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Lebanon protesters shift focus from garbage crisis to cleaning up government

The demonstrations held Aug. 22 by independent Lebanese activists against the government's mishandling of waste collection management are likely to continue, as people now shift their focus to corruption in the political class.

Beirut is holding its breath as it awaits a large demonstration scheduled for Aug. 29. The protest was called by a large number of independent activists and civil society organizations against the Lebanese government's policies, especially following its failure to resolve the country's worsening waste crisis.

The crisis started on July 17, when the Lebanese government decided to close one of the largest landfills, which was run by the private company Sukleen, which was also in charge of collecting garbage in the area. The company has depended on the landfill, which is located in the coastal town of Naameh about 10 kilometers (6 miles) south of Beirut, to get rid of its waste.

Under pressure from the Naameh town residents and the surrounding villages, Lebanese Minister of the Environment Mohammad Machnouk made the decision Jan. 4 to close the landfill, scheduling its last day for July 17. The residents have been demanding the closure of the landfill since its creation over 15 years ago, arguing that environmental effects on the region and its residents have become unbearable, and threatening to take action to prevent waste trucks from dumping garbage there.

Following its decision to close the Naameh landfill, the Lebanese government launched an official tender for waste management across Lebanon and divided the country into six regions that will each be assigned a waste collection company.

However, administrative complications and bureaucratic obstacles emerged amid talks about political allocations, in addition to suspicions of corruption and ties with politicians in the government by the owners of the companies participating in the bidding. All of this led to a delay of the tender.

The deadline for the closure of the Naameh landfill on July 17 arrived, with no alternative to get rid of the waste, sparking a major national crisis. Waste piled up in the streets, leading to successive crises both at the environmental and political levels.

As the problem rapidly worsened, a group of young independent activists launched the "You Stink" campaign in July and started a series of movements in Beirut and other areas in Lebanon in an attempt to highlight corruption rampant within the Lebanese government.

The campaign escalated on Aug. 22 when a sit-in was staged in downtown Beirut in front of the Ottoman-era Grand Serail building, the headquarters of the Council of Ministers. That evening, participants in the sit-in chanted slogans condemning the Lebanese government while demonstrators and protesters called for toppling the regime, a scene various Arab capitals had witnessed during the Arab Spring.

Skirmishes erupted and the security forces that were deployed in the vicinity of the government headquarters used force in an attempt to disperse the demonstrators and end the protest. Live ammunition and rubber bullets were fired at the demonstrators, wounding about 30 people, according to officials of the Lebanese Red Cross, which treated the wounded and took them to various hospitals in the capital. At least one person was seriously injured — a young man named Mohammed Kassir was wounded in the head; his condition remains grave.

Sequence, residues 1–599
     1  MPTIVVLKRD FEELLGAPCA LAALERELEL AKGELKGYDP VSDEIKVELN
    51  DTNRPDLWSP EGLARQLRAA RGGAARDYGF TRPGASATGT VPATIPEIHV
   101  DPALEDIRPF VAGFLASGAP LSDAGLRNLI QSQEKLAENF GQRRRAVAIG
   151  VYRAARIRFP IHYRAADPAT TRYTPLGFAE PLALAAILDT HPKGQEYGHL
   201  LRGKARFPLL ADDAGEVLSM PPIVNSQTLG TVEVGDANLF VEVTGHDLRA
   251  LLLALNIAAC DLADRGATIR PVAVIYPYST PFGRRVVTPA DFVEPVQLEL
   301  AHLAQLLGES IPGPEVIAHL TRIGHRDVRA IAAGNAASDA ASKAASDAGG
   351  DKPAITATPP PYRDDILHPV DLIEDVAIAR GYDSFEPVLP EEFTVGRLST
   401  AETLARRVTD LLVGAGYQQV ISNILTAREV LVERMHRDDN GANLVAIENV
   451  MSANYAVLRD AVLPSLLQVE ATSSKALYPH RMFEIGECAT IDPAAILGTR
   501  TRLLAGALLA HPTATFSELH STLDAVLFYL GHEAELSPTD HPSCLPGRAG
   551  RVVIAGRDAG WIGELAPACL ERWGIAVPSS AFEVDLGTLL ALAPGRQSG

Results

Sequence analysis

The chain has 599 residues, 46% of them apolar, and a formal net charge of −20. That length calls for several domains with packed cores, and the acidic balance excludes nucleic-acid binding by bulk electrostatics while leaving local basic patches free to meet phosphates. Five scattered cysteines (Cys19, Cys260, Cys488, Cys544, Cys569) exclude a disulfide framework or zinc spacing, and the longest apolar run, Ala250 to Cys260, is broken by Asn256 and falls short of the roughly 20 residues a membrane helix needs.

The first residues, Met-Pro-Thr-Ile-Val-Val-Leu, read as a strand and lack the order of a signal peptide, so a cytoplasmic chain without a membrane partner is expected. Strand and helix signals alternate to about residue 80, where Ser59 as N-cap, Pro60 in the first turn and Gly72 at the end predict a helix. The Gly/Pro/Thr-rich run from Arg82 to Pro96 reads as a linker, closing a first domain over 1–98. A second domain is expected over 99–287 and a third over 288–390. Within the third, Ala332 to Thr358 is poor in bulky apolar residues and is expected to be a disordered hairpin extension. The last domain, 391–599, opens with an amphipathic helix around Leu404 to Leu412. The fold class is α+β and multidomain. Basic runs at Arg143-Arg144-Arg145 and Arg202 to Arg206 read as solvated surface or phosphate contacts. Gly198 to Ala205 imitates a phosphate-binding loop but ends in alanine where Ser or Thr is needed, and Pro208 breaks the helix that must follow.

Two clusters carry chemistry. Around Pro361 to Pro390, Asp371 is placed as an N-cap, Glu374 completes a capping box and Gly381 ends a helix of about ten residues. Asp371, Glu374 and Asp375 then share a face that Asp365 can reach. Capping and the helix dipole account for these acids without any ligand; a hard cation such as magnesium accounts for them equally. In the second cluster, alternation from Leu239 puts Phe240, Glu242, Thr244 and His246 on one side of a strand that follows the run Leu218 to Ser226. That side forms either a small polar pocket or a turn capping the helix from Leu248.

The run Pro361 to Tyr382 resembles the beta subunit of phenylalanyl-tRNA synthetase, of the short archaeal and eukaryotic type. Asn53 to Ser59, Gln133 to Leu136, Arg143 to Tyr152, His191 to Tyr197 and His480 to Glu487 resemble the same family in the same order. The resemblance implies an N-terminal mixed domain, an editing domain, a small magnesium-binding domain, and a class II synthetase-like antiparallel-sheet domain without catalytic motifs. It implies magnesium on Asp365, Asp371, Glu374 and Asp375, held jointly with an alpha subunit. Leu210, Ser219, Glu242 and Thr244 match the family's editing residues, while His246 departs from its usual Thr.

On Aug. 23, protests escalated as the demonstrators raised their demands to include — in addition to the waste management issue — the trial of those responsible for the shooting of demonstrators and the use of force to disperse them and expel them from the center of Beirut the previous day.

The protest movement has since expanded among youth movements, civil society organizations and independent movements joining the "You Stink" campaign.

Reports have emerged about rioters infiltrating the sit-in and causing the skirmishes with the security forces.

Facing the growing popular discontent and protest movement, the Lebanese government has been trying to control the situation. Machnouk, who is affiliated with Prime Minister Tammam Salam, rushed to schedule the announcement of the tender results on Aug. 24, to award new companies the task of waste collection and management.

However, as soon as the minister announced the names of the six companies, civil society movements rejected the decision, arguing that corruption is at play and that the winning companies had links to politicians. The protests in central Beirut resumed on Aug. 24, and once again, security forces resorted to violence in dealing with protesters, with media outlets reporting at night that roughly 400 demonstrators had sustained injuries.

On Aug. 25, the Lebanese government made a second attempt to contain the escalating situation; Salam called for an extraordinary Cabinet meeting in the morning, and announced the cancellation of the tender results. However, the government failed again to calm protesters as civil society organizations rushed to reject governmental action and scheduled another demonstration in downtown Beirut on Aug. 29. According to the protest's organizers major preparations are underway and the demonstration will be the biggest so far.

According to the "You Stink" campaign, the demonstration will call for the resignation of the government. In addition to the fear of a recurrence of clashes between demonstrators and security forces, the country currently being without a president could complicate matters further. As the resignation of the current government could lead to a constitutional vacuum within the Lebanese institutions, the Lebanese anxiously await Saturday's developments.